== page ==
TETRA:BURST vulnerabilities: Security researchers have identified five vulnerabilities in the Terrestrial Trunked Radio (TETRA) standard used by law enforcement, military, and critical infrastructure operators across the globe. Collectively referred to as TETRA:BURST, the vulnerabilities impact most TETRA equipment and networks. Researchers say that based on infrastructure and device configurations, the vulnerabilities can allow real-time decryption, harvest-now-decrypt-later attacks, message injection, or user deanonymization. Firmware patches have been released for some of the TETRA:BURST vulnerabilities.

"The deanonymization issue (CVE-2022-24403) is primarily relevant in a counter-intelligence context, where it enables low-cost monitoring of TETRA users and their movements in order to allow a state or criminal adversary to avoid covert observation or serve as an early warning of impending intervention by special forces."

Infosec industry

2023 data breach costs: Data breach costs rose to $4.45 million per incident in 2023, a 15% increase over the past three years, according to this year's edition of IBM's Data Breach Report. The figure grew due to increases in costs associated with detection and incident response operations, a direct result of more complex data breach investigations. IBM reports a 42% jump in detection and IR costs from March 2022 and March 2023. The most common type of data stolen in breaches remained customer and employee personal information, involved in half of all 2023 incidents.

Security professionals on the board: Only five companies in the Fortune 100 list a security professional, like a CISO or CSO, in leadership roles. The five are BestBuy, Cigna, Coca-Cola, Disney, and Walmart. Other companies obviously also have CISOs and CSOs, but they are not listed in leadership or board positions. [Additional coverage in KrebsOnSecurity]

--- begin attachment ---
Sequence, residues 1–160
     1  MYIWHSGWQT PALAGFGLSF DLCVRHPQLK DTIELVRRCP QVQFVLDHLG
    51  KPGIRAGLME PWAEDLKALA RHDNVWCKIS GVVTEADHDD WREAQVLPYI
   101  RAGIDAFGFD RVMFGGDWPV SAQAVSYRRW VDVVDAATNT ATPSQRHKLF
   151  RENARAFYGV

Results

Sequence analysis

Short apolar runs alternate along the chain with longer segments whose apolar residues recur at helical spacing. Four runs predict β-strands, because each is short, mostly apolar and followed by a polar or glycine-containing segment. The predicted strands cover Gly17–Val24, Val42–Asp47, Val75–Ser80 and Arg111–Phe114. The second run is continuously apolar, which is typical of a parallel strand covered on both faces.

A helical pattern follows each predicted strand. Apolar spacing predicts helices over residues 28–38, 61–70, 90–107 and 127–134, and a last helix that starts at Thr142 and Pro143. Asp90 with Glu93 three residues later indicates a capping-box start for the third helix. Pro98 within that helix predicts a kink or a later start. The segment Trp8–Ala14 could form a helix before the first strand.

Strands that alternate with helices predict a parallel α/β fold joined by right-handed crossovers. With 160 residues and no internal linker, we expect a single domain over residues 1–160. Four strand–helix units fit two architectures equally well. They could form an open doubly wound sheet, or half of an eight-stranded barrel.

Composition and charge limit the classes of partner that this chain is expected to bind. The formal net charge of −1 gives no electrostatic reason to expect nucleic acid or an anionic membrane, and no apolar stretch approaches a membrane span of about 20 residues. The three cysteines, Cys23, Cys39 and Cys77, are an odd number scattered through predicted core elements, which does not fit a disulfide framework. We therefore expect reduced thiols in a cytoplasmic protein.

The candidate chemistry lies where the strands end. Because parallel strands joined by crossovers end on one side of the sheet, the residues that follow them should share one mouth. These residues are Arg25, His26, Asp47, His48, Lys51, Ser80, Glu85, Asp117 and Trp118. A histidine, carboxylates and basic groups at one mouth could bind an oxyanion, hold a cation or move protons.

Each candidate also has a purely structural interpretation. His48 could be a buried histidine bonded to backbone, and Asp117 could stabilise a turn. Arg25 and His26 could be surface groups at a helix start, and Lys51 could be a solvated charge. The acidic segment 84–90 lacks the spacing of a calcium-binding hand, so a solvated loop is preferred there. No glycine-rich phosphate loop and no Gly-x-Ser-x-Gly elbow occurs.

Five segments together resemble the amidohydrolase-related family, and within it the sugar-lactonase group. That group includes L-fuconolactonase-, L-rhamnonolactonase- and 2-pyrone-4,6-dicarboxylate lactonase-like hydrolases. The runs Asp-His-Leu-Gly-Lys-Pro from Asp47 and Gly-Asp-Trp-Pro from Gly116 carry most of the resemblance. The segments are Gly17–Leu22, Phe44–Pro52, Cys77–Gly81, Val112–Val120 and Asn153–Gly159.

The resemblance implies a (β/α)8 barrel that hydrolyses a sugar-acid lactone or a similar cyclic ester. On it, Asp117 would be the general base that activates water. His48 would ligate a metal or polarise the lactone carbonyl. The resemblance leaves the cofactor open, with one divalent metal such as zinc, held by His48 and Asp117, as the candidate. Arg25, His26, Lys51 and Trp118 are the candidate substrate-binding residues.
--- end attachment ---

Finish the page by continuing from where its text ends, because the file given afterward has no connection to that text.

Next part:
Isosceles: Former Google Project Zero team lead Ben Hawkes has launched a new cybersecurity consulting company named Isosceles.

"Isosceles will focus on high-end technical services including security reviews, automation, and research for companies that are investing in a strategic, long-term security posture for their products."

Acquisition news: French IT giant Thales will acquire Israeli cybersecurity company Imperva from Thoma Bravo for $3.6 billion. Thoma Bravo acquired Imperva in 2019 for $2.1 billion.

New tool—Twitter Archiver: Darius Kazemi has published a tool called Twitter Archiver that lets Twitter expats host their Twitter archives and tweets online, far away from Musk's far-right cancer.

New tool—MCAD Maritime Cyber Attack Database: Dutch academics are maintaining a database of known cyberattacks that have hit the international maritime sector over the years. The database holds information on more than 160 cyber incidents and is open to submissions.

Risky Business Podcasts

In this edition of Between Two Nerds, Tom Uren and The Grugq look at when it makes sense for governments to invest in building their own secure phones.